Thursday, 25 September 2014

Temporal trends in US autism prevalence: mainly real increase

"Diagnosed autism prevalence has risen dramatically in the U.S over the last several decades 
and continued to trend upward as of birth year 2005. The increase is mainly real and has occurred mostly since the late 1980s".
"They call me Cha Cha because I'm the
best dancer at St. Bernadette's"

That was the conclusion reached in the paper by Cynthia Nevison [1] (open-access) following her analysis of temporal trends in autism diagnosis for birth years between 1970 and 2005. Based on an analysis of datasets derived from IDEA (Individuals with Disabilities Education Act) and the CDDS (California Department of Developmental Services), the author suggested that between 75-80% "of the tracked increase in autism since 1988 is due to an actual increase in the disorder rather than to changing diagnostic criteria". The question of what environmental factors might have been driving such an increase in cases is also discussed in the Nevison paper, with the author concluding "children’s exposure to most of the top ten toxic compounds has remained flat or decreased over this same time frame". That top 10 list by the way, seems to come at least partly from the Landrigan paper talked about a couple of years back (see here).

There is quite a bit of information included in the Nevison paper which I'm reluctant to write a mega-blog entry on at this time. This includes various caveats about the use of IDEA and CDDS databases and their constraints on for example, what ASDs (autism spectrum disorders) are included in the datasets. I will however summarise some of the main findings in relation to the environmental factors probed by the author bearing in mind that autism research does not appear to be her main area of scientific interest (with all due respect).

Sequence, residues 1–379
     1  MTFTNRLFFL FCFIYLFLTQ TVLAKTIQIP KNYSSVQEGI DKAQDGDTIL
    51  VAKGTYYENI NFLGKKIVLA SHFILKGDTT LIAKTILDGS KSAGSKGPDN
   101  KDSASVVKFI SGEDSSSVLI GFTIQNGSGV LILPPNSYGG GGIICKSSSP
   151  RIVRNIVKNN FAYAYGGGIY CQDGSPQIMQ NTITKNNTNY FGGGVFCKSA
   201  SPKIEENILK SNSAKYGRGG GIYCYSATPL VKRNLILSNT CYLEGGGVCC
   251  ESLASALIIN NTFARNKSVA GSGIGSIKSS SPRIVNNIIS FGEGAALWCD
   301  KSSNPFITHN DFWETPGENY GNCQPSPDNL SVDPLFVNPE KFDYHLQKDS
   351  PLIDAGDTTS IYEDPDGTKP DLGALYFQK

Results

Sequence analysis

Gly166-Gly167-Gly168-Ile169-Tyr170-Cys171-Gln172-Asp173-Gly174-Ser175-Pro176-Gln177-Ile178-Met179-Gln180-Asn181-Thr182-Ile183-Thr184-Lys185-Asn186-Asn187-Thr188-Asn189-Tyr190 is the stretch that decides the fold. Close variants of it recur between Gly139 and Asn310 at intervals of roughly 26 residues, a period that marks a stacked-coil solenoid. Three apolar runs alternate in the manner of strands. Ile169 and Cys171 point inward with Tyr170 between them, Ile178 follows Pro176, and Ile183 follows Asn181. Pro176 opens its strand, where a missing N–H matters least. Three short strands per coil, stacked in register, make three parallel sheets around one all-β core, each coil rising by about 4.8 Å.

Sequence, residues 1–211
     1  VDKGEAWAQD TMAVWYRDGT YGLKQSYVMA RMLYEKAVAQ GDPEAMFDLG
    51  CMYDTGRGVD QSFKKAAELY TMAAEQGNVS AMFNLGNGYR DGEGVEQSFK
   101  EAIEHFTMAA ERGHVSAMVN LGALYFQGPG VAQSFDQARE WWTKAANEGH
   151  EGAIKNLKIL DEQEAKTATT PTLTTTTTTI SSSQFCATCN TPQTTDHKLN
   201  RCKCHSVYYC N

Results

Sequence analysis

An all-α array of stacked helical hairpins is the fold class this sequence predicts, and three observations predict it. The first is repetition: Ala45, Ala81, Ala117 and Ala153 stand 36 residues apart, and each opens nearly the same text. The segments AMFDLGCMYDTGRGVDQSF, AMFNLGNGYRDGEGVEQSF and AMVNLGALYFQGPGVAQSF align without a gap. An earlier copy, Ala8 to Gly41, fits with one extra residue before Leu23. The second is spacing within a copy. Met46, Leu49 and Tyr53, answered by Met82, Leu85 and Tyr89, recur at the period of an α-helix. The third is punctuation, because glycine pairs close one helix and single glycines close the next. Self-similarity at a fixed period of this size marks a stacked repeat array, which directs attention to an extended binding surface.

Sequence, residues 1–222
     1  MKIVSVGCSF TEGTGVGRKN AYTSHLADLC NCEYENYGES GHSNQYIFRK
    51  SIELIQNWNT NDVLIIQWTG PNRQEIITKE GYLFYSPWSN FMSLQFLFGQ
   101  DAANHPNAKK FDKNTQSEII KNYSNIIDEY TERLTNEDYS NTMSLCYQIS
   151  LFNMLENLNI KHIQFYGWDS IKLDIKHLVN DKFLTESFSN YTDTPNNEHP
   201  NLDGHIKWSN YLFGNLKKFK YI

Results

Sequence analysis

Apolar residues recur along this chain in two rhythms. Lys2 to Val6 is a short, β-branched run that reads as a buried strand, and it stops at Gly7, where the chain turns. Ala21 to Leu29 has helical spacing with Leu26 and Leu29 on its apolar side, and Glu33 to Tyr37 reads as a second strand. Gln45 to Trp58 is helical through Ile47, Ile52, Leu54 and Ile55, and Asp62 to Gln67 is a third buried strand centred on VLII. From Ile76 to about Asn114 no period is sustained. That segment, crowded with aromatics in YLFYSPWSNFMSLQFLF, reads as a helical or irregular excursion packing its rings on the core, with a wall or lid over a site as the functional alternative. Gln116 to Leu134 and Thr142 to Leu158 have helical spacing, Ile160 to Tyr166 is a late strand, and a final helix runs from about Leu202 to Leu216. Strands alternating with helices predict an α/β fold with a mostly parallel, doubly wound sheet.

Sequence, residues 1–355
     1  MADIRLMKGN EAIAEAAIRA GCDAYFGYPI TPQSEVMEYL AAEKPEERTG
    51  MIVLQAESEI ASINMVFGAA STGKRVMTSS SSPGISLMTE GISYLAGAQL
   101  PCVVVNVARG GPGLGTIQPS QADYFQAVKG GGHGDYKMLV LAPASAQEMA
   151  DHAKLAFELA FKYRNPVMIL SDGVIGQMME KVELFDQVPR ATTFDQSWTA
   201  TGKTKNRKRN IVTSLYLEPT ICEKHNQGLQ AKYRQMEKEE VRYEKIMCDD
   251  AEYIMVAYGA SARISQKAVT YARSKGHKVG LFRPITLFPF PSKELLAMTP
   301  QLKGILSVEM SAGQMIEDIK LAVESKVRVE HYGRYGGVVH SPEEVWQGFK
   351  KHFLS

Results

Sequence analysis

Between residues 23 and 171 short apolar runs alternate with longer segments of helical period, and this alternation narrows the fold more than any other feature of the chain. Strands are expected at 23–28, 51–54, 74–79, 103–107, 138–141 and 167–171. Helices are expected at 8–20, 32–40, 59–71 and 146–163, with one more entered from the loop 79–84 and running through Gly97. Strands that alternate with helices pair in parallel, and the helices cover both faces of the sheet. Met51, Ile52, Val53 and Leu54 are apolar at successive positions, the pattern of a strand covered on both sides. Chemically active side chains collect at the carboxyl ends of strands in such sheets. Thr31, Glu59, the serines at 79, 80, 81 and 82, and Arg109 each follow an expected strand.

• Air pollution... something which has cropped up with ever-increasing frequency in the peer-reviewed research on autism (see here and see here for example). Nevison concludes: "there is no obvious evidence to suggest that trends in estimated vehicular emissions or directly measured air pollution are consistent with the sharp temporal increase in U.S. autism". So no smoking tailpipe (exhaust) there then as per other recent research findings [2].
  • Mercury in vaccines... a topic guaranteed to furrow brows and raise blood pressure in some quarters (see here and see here for example). Nevison discusses the phaseout of thimerosal (thiomersal) from paediatric vaccines used in the US concluding that "the expansion of thimerosal exposure in the late 1980s and early 1990s coincides closely with the rise in autism around that time". But... "the temporal trends in autism and thimerosal following the childhood vaccine thimerosal phaseout are incompatible". Other sources of mercury exposure get a similarly 'unlikely' mark from Nevison.